Let’s not fool ourselves – the economic situation in Europe is dire. The latest GDP figures show that the UK and Germany barely grew (0.1% for DE and 0.3% for UK), France’s economy actually contracted and according to this BBC article, “The figure (Germany) marks the longest recession since the euro was launched in 1999”. The Eurozone GDP also seems gloomy:
But it’s easy to see only black… so I’d like to offer European startups a few words of encouragement and a video that may change your outlook.
In the Campus Annual Survey we ran for the one year anniversary of Campus, the level of optimism across startups (1,850 respondents) is very high. Ignorance may be bliss, or it’s just that one (major) part of the economy is shrinking (retail, banking, construction), and a new (small but emerging) part of the economy is growing – startups.
Here are just a few of the articles that caught my attention:
Why You Might Want to Start Up in Europe (Inc magazine)- Art Rosenthal, a serial entrepreneur and Boston University professor, decided to base his new healthcare startup in Galway Ireland and explains what the benefits are. Some of the benefits listed: specialized universities, government support (there’s plenty of it going on if you know where to look), strong network of local startups.
The Flat White Economy (Bloomberg) – Hipsters Flocking to Silicon Roundabout as Bankers Fade – “The main drivers of growth over the past 10 years were property, financial services, consumer debt and government borrowing,” says Rohan Silva, 32, a senior policy adviser to Cameron. “We have got to move the economy to a more resilient footing: life sciences, green tech and digital technology”. While the journey is described as an “uphill battle”, it’s one definitely worth fighting for…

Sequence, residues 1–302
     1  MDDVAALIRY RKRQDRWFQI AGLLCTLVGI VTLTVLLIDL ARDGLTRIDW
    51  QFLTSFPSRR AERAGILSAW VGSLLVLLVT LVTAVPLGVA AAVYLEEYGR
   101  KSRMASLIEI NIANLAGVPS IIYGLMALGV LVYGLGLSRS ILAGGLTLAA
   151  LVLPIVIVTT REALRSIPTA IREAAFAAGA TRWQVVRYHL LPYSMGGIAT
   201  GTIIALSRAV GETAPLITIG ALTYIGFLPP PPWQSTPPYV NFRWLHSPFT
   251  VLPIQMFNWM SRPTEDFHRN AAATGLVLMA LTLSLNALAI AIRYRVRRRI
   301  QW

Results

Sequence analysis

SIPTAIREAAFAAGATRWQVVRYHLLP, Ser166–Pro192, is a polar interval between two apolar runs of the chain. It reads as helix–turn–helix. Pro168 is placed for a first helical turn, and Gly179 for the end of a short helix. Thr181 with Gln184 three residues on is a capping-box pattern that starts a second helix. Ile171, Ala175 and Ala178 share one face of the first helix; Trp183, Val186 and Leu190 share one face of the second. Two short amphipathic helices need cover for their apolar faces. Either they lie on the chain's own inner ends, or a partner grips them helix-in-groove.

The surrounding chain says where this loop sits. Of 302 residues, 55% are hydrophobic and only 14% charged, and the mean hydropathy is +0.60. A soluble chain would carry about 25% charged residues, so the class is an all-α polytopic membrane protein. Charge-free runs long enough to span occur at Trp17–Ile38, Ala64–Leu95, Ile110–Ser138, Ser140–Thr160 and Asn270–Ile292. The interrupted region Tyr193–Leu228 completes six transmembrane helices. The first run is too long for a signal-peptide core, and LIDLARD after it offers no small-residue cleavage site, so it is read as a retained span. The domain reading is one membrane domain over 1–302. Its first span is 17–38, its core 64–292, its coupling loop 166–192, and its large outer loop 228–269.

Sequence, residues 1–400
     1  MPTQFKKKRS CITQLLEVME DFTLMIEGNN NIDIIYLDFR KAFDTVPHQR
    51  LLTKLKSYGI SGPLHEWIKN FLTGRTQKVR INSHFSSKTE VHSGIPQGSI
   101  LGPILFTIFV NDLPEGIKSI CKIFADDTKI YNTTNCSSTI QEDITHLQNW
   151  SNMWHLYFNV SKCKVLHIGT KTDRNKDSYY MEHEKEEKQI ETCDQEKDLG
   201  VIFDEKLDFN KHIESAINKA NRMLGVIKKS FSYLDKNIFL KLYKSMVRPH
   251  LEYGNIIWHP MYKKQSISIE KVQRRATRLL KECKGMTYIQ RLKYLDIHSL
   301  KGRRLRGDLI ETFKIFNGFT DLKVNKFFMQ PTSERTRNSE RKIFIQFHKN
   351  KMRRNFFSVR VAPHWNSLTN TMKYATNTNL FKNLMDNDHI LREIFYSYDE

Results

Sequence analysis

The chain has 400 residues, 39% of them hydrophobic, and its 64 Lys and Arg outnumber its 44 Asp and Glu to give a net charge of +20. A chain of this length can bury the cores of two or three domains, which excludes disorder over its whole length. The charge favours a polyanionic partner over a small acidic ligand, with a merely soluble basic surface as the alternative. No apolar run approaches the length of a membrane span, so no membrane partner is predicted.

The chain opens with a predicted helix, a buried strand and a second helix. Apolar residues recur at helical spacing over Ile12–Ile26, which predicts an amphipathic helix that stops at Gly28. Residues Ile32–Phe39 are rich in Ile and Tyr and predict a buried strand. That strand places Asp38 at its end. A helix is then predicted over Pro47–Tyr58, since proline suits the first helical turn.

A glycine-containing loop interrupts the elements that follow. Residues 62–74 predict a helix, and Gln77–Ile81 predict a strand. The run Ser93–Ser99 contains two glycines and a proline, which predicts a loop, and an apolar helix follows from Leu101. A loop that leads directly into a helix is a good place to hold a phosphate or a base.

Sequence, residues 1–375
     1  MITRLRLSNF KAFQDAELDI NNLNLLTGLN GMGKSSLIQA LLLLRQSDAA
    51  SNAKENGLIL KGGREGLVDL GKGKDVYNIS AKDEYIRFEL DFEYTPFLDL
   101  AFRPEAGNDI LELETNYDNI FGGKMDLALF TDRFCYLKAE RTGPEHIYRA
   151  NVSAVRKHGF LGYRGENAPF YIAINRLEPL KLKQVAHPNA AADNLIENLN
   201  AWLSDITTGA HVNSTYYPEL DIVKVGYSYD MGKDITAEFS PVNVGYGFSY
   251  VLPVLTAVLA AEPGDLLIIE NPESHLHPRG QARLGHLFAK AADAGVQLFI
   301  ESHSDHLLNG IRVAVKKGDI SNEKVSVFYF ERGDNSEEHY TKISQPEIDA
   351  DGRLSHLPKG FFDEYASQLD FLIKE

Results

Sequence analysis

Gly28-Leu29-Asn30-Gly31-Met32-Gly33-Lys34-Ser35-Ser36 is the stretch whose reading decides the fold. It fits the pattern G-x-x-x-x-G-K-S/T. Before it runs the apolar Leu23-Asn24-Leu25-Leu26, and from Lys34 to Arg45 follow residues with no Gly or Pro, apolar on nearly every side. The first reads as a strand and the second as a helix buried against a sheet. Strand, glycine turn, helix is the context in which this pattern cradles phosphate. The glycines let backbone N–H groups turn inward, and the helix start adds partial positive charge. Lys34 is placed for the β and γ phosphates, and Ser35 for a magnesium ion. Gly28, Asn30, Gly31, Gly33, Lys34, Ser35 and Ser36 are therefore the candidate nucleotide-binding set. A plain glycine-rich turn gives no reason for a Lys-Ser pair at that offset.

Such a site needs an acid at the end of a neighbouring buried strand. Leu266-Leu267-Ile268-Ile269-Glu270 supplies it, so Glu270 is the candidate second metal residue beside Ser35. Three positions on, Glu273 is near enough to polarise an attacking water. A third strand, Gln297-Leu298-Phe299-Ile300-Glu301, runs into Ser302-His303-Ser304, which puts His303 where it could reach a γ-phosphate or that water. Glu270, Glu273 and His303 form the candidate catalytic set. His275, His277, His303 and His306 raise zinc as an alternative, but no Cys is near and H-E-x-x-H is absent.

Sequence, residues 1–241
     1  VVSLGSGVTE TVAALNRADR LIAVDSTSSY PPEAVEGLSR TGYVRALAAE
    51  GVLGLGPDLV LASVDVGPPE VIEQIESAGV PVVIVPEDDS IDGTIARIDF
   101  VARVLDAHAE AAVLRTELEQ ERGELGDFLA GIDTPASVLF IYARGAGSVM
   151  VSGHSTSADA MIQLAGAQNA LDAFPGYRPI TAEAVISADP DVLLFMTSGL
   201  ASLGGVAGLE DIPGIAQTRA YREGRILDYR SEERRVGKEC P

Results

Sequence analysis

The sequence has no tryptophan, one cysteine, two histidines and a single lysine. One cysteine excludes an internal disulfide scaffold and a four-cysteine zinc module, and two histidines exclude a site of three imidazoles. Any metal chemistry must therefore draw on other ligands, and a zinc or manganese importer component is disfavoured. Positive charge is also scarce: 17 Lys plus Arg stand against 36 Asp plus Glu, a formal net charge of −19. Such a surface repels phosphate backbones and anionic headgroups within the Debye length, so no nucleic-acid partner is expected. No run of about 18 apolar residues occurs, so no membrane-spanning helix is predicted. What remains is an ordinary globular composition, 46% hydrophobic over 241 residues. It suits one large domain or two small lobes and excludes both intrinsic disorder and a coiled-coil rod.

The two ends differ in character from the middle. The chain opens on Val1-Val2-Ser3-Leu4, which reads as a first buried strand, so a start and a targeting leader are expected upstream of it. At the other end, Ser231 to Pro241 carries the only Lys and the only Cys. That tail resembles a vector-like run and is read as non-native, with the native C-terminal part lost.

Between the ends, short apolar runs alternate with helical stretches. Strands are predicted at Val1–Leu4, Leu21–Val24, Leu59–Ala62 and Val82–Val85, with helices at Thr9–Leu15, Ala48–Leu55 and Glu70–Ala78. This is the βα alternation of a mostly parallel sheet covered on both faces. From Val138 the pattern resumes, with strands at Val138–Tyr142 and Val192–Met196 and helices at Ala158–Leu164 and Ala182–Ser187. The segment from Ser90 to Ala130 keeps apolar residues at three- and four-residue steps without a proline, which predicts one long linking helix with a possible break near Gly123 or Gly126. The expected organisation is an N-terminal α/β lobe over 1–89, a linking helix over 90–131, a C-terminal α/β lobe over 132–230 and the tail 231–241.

In a recent interview I gave to the Guardian, “London as a startup hub“, in advance of Digital Shoreditch, I spoke about the growth I’ve seen in the startup community in London in past year and my *reluctant* prediction for the next 5 years.
Silicon Valley Bank published the UK startup outlook report which showed that 87% of UK startups plan to hire more people in 2013. The big challenge (43% of respondents) seems to be around finding people with the right skills (especially technical talent).
“Tech Country” (PDF) a recent report by the BVCA, shines a spotlight on the various tech clusters in the UK. Cambridge, Bristol, Manchester, Aberdeen… there’s more to tech in the UK than Silicon Roundabout. Find out more about they key recommendations: focus on more private (vs public) capital, avoid the urge to “manage” the clusters, and do more with the existing clusters rather than artificially create new ones.
TransferWise raised $6 million from Peter Thiel, in Valar Ventures’ first investment in Europe. Is this an anomaly or the beginning of a trend?
The Lean Startup and Customer Development are getting the attention of big companies. The cover of last issue of Harvard Business Review “Why Lean Changes Everything” (PDF Reprint), is a testament of how “startup thinking” is percolating into not only business schools, but also large companies.
Finally, I’d like to end with “This is Water”, a video based on a speech by author David Foster Wallace. It’s about what you choose to look for in life, and how it impacts your outcome. Do yourself a favor and watch this.
So, dear founders – like the fish in the video, what you choose to see when you read the news or when you wake up for work in the morning, will change the way you go through life. You can choose to see gloom and doom, or you can keep focusing on creating amazing products, that make the world better and improve the way we do things.So do yourself a favor, keep innovating and stay optimistic – the future of our economies depend on it!
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